Reducing Chemo-Related Hair Loss with Scalp-Cooling System

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The device reduces blood flow to the hair follicles during chemotherapy treatments.
The device reduces blood flow to the hair follicles during chemotherapy treatments.

HealthDay News -- According to a study presented at the annual San Antonio Breast Cancer Symposium, cooling the scalp with a specialized cap during chemotherapy sessions could help breast cancer patients avoid treatment-related hair loss.

Julie Rani Nangia, MD, assistant professor of medicine at the Lester and Sue Smith Breast Center at Baylor College of Medicine in Houston, and colleagues enrolled 235 women with stage 1 or stage 2 breast cancer who were planning to receive at least 4 cycles of anthracycline- or taxane-based chemotherapy. 

Participants were split into 2 groups. One group included two-thirds of the women. This group received scalp cooling. The other third received no cooling.

After 4 cycles of chemotherapy, 50.5% of patients in the cooling group experienced hair preservation, compared with none in the non-cooling group, the study findings showed.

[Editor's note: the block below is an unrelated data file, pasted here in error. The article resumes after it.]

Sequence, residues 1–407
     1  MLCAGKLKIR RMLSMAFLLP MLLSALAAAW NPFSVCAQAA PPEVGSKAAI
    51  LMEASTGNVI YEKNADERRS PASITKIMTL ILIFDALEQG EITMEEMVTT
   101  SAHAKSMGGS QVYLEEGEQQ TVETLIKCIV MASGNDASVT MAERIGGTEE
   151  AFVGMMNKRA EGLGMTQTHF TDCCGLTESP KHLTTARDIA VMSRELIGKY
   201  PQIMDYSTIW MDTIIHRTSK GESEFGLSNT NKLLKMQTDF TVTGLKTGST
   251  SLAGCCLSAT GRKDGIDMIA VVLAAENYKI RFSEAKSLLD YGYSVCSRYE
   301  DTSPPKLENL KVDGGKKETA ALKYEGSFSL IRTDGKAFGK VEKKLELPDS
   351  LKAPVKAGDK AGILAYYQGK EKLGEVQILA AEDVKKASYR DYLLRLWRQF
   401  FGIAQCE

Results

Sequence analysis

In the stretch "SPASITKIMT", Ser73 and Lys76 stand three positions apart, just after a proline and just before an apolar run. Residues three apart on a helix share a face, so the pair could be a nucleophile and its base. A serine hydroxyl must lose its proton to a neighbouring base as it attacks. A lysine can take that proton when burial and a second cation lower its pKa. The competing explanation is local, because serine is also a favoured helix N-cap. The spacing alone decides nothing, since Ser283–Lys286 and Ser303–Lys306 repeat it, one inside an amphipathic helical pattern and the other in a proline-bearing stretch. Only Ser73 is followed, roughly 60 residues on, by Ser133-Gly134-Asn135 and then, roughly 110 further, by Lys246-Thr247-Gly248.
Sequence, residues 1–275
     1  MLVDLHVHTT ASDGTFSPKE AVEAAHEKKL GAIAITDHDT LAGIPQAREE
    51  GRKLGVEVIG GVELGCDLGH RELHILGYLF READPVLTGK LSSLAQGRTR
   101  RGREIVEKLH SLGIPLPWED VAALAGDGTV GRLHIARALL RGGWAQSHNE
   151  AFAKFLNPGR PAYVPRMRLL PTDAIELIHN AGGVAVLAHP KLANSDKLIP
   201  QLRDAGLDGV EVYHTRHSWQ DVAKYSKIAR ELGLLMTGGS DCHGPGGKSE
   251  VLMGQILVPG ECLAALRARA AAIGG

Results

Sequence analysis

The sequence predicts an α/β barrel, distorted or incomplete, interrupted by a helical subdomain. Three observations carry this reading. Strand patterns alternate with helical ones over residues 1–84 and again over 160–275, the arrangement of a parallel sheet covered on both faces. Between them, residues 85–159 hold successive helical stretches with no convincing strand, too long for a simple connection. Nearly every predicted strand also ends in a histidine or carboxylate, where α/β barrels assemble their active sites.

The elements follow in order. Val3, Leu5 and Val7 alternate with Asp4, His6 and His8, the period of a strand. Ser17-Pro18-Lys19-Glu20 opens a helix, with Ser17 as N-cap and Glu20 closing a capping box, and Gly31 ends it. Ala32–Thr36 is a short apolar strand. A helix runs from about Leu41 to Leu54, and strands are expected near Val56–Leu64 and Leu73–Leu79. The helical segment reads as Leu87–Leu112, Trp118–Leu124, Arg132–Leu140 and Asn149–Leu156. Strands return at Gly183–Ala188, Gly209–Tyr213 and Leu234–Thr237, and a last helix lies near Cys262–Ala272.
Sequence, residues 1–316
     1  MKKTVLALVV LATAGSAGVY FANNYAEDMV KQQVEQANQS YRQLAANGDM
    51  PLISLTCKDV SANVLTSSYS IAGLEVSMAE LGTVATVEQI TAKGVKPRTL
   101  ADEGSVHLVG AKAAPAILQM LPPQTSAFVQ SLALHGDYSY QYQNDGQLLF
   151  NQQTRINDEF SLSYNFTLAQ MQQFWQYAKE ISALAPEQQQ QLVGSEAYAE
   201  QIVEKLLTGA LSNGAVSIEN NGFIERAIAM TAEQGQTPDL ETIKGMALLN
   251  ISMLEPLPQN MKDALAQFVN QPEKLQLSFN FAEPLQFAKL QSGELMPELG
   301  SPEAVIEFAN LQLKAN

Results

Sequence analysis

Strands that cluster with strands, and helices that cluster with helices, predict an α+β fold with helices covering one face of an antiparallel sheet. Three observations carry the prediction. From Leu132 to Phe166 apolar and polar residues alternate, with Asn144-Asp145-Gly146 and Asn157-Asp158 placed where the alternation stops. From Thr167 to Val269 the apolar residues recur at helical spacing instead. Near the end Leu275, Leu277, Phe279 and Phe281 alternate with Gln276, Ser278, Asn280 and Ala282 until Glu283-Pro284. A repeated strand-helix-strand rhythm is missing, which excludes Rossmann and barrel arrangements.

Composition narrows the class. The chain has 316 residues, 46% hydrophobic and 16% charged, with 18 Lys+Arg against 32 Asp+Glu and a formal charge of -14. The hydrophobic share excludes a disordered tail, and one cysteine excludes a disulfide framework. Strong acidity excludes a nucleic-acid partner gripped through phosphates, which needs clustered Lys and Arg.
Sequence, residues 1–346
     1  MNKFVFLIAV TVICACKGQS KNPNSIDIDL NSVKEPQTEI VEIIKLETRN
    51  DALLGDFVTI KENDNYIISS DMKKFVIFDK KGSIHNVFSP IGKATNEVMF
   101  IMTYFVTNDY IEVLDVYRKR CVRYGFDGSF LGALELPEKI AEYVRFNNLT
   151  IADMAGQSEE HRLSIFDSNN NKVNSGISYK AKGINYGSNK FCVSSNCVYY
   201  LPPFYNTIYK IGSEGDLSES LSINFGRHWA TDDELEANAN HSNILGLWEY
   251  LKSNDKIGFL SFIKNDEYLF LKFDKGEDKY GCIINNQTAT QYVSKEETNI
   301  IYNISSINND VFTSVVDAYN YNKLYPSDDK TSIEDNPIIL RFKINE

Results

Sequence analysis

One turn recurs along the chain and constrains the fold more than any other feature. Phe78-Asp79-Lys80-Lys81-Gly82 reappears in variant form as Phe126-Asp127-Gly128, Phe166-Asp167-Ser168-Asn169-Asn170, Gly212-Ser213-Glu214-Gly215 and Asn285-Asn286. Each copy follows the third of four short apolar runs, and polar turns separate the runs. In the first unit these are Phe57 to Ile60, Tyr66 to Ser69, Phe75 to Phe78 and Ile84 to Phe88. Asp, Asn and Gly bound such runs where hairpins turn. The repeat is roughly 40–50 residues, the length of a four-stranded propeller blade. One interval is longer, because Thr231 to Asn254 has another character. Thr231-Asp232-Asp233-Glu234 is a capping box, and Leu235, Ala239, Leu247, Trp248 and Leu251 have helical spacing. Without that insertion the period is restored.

Fitted to a patient's head, the cold caps were in place 30 minutes before chemotherapy began, for the entire chemotherapy session, and for 90 minutes after chemotherapy, Nangia explained.

The cold cap cooled patients' scalps to 64 degrees, she told HealthDay, and side effects were mild, including headache and discomfort. "The big downside is it adds an hour onto [total] chemotherapy time," Nangia said.

The study was funded by the manufacturer of the cold caps, Paxman Cooling.

Reference

Scalp-Cooling System Reduced Hair Loss in Many Breast Cancer Patients Receiving Chemotherapy [press release]. San Antonio, TX: American Association for Cancer Research; December 9, 2016.

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